What a Pokemon Backpack Taught Me About Organizational Culture

It started off as an uneventful morning.  Wake up. Brush teeth. Hustle the kids out the door.  On that day it was my turn to drive my son to school.   He was surprisingly ready and in my car as I was pouring my morning coffee.

My wife Sherri reminded me to grab his Pokeman backpack.  I barely nodded acknowledgement and muttered something about not being as forgetful as she thought.

Yea….. I forgot the backpack.

I could see the school driveway in the distance when I finally made the realization. We were barely on time as it is. I announced to my son:

“Hey bud! I forgot your backpack. No worries though. I’ll drop you off and go back home and bring it to you so you won’t be late.” Easy solution! Win-win, right?

Not so much.

My son suddenly became worried and upset. He talked about how if we walked into the classroom without his backpack (and more importantly the homework folder in it) that he would get in a lot of trouble.

I reminded him that he’d have the backpack in 12 minutes.

He became more upset. “YOU DON’T UNDERSTAND WHAT IT’S LIKE WHEN YOU DON’T BRING IT IN DAD!”

Maybe I’m a softy. Maybe my son scammed me into an extra twenty-minute round trip journey so he could attend less school that day. I really don’t know.  

25 minutes later, I dropped him off at the office, signed him in as late, and as I drove to my speaking engagement had this realization:

What are we emphasizing that is important to people and what is the effect of that emphasis?

On some level I am sure my son was overreacting but the fear was real. I’ve received the notes about remembering to bring in the backpack and the much prized folder that holds the secrets of the universe. No wonder he was freaked out.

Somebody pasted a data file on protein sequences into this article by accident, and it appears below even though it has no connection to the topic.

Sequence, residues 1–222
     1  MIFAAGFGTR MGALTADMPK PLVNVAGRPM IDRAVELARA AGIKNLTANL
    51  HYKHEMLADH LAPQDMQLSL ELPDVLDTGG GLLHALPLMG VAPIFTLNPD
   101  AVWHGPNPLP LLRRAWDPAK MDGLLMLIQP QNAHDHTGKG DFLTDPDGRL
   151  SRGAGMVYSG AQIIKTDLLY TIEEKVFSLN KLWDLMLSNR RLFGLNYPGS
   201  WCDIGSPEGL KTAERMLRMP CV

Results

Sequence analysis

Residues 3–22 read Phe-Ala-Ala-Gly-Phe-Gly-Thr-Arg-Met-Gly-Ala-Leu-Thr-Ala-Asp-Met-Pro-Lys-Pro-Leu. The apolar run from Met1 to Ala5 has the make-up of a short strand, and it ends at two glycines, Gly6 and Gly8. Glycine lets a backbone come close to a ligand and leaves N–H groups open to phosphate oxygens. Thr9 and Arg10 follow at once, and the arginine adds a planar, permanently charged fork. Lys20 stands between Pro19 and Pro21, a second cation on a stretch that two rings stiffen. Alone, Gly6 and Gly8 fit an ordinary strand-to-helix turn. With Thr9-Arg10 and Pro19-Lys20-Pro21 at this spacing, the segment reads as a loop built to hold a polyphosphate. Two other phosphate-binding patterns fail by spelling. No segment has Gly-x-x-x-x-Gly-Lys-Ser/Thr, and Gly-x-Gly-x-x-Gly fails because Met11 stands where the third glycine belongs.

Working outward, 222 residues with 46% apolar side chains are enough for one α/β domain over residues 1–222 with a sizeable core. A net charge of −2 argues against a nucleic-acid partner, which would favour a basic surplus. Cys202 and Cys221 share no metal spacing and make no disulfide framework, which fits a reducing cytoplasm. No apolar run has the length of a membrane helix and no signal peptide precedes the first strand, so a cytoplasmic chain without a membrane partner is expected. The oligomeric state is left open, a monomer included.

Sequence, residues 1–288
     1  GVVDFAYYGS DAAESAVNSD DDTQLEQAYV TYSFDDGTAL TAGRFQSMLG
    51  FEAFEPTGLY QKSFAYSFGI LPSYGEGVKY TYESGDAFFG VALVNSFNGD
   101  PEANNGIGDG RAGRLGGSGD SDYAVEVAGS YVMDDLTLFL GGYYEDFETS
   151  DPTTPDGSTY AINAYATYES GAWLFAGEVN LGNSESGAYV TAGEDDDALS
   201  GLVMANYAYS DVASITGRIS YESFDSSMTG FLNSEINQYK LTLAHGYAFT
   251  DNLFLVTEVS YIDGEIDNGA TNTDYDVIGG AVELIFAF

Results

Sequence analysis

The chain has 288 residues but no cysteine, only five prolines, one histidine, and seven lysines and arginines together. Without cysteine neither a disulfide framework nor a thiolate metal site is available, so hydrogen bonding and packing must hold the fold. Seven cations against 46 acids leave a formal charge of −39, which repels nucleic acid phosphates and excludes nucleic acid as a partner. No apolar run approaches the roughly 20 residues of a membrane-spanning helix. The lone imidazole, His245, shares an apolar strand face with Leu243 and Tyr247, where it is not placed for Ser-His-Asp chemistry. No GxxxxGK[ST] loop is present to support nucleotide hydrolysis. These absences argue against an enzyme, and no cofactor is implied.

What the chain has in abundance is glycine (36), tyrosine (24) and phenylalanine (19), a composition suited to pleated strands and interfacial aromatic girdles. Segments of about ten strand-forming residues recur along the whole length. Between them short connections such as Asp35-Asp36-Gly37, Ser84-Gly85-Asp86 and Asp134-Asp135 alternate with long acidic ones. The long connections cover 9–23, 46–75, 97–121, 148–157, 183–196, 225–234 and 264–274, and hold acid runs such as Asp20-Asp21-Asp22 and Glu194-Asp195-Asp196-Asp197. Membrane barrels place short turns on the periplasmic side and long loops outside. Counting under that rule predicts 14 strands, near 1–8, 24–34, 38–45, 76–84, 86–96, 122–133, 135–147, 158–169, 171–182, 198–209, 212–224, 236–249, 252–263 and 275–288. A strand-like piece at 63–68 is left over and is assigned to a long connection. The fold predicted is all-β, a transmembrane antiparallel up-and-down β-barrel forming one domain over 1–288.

That day when he got home I tried to walk that fine line of teaching my son to respect the rules and not letting trivial things get to you…..but it was hard.

I thought about my experience working in office culture.  The things that were often emphasized and prized as important.

·        Attendance over engagement

·        Perception over productivity

·        Deadlines over everything else in your universe that can’t wait either

I am not saying things like attendance and meeting deadlines aren’t important. Of course they are. 

As you go back to your organization think about what is emphasized and rewarded in the lived experience. Focus on the actions that occur instead of the rhetoric. What impact does it have on the workplace culture? How do people react? Pay attention to the subtle cues. You will be surprised at what you notice.

A Pokeman backpack and a faulty memory taught me that.

****

Paul Artale is a motivational speaker and organizational culture expert. He is also the author of the book “The 2-Year-Old’s Guide to Work-Life Balance.” For more information visit www.paulartale.com

#leadership #shrm #organizationalculture #management #employees #retention